Current Economic Development Doesn’t Produce Sustainability

In global terms, economic development is currently driven by the industrialization of Asian countries and the surge of the BRIC economies―Brazil, Russia, India and China―plus an increase in the number of people entering a new global middle class (a projected 150 million people per year during the next 20 years). The latter is a positive social change that will also directly impact the environment, food production and access to water.

While economic growth in recent years has advanced hand-in-hand with a reduction in poverty levels, Latin America remains the most inequitable region in the world and, up to now, has not been effective in overcoming these inequities.  Where inequality has fallen, economicinclusion is due in large part to cash transfers and access to credit, and less to improved earned income of low-income groups.  At the same time, the access of this population to quality public goods and services such as health and sanitation, education, security and justice remains an urgent challenge.

In many countries, economic growth occurs without reducing unemployment, the informal sector, or gaps in social safety nets, all of which present serious obstacles to upward mobility. This new middle class still has a precarious hold on economic opportunity. A change in government transfer policies or loss of formal employment can easily reverse their gains, as savings are generally non-existent. Finally, this group has not tended to demand quality public services such as education, health, and security.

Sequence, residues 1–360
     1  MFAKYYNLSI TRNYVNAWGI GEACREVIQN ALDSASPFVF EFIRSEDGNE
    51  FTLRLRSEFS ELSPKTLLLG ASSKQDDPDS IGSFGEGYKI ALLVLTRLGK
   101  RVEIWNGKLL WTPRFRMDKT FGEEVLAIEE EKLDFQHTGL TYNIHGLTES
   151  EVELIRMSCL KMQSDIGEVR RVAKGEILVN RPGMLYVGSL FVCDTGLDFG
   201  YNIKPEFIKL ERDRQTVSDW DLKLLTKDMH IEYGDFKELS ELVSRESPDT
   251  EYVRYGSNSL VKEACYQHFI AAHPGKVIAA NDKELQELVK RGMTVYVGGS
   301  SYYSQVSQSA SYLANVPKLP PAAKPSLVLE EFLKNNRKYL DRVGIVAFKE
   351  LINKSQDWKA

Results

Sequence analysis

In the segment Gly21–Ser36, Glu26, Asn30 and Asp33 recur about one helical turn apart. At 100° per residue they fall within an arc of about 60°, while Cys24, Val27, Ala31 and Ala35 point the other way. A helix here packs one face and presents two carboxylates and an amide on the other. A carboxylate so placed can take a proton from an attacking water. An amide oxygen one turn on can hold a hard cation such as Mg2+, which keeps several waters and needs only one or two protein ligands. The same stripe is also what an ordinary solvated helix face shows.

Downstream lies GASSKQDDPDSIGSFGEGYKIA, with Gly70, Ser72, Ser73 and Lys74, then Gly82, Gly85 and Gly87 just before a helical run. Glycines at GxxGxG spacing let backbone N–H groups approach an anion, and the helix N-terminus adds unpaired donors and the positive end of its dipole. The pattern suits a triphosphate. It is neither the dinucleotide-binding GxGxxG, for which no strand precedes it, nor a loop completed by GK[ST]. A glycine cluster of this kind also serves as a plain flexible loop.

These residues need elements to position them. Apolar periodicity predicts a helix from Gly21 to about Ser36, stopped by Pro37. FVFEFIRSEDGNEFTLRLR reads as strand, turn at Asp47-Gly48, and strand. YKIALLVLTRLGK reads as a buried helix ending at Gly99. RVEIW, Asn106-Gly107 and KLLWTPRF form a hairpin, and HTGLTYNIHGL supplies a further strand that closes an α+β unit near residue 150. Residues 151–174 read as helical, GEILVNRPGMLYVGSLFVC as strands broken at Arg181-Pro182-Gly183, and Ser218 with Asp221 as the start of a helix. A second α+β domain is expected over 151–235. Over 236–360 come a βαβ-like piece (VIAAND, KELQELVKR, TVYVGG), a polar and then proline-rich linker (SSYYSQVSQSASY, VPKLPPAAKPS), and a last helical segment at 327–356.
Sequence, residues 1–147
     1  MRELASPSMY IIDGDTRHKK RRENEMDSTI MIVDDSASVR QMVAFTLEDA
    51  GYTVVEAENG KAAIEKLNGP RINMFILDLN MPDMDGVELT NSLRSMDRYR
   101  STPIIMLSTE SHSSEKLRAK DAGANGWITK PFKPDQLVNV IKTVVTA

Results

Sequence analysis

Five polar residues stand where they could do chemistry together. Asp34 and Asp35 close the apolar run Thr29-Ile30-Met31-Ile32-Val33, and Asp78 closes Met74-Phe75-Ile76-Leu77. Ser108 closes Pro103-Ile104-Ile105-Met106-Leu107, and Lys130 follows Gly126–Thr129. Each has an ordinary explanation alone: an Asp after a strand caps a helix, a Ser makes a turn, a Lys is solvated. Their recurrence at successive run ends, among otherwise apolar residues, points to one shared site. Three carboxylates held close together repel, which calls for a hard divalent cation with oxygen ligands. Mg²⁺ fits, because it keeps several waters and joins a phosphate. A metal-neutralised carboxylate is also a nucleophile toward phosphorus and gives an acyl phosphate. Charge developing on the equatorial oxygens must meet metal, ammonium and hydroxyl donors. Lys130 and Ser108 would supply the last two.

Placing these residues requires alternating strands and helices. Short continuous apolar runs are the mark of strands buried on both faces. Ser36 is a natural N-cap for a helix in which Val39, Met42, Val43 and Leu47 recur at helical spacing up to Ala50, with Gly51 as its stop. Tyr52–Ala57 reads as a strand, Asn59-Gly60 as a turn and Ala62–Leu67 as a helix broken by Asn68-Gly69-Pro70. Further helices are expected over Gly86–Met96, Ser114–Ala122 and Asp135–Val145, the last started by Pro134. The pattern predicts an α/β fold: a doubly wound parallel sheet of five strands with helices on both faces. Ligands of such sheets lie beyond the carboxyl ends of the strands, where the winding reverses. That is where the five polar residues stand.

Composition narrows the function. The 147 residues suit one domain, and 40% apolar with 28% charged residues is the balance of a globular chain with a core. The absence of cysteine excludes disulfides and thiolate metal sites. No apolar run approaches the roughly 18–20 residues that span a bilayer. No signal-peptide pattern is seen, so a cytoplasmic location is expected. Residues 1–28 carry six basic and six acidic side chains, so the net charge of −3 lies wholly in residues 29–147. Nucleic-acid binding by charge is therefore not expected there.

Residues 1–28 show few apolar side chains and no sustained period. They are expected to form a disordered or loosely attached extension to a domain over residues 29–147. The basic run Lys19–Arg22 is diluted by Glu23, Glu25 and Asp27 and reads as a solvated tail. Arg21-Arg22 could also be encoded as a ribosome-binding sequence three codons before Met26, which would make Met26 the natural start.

Competitiveness is uneven in Latin America—while some nations have experienced improvements, others are hampered by weak institutions, inadequate infrastructure or inefficient allocation of resources. In addition, against the backdrop of a profound worldwide digital divide, low levels of investment in scientific and technological innovation persist in the region.

Meanwhile, organized crime continues to penetrate Latin American economies, leading to a proliferation of illicit businesses, not only to launder money but also to acquire social legitimacy.

Unfortunately, many of the fastest-growing economic sectors also cause the most harm and destruction and generate the least amount of benefits for society as a whole. Unregulated extractive industries and those tied to narrow economic interests or to illegal activities represent Latin America’s old economy, one that dates back to colonial times and has generated much of the poverty and inequality that have characterized the region through history.

It will be necessary in the coming years to influence markets so that economic gains also reduce inequality and increase efficient and sustainable use of resources. Promoting inclusive markets and involving companies in the creation and improvement of public goods will be key.


A deep analysis of these and other trends has led Avina to focus on:




Primary sources: Research, interviews, and essays produced by Fundación Avina.

Secondary sources consulted: